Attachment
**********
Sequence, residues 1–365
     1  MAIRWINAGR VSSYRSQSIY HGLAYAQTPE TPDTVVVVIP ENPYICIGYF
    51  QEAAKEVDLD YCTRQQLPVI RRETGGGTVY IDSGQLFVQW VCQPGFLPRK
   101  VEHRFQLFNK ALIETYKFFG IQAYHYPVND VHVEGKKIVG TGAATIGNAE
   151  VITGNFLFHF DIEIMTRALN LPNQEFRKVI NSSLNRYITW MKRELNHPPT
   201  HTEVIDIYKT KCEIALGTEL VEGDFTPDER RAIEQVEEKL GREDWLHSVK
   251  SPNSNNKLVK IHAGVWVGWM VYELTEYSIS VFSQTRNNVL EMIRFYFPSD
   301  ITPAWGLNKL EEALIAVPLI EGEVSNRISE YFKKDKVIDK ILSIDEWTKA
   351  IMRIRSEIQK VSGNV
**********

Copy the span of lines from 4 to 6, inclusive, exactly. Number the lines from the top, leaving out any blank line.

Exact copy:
   101  VEHRFQLFNK ALIETYKFFG IQAYHYPVND VHVEGKKIVG TGAATIGNAE
   151  VITGNFLFHF DIEIMTRALN LPNQEFRKVI NSSLNRYITW MKRELNHPPT
   201  HTEVIDIYKT KCEIALGTEL VEGDFTPDER RAIEQVEEKL GREDWLHSVK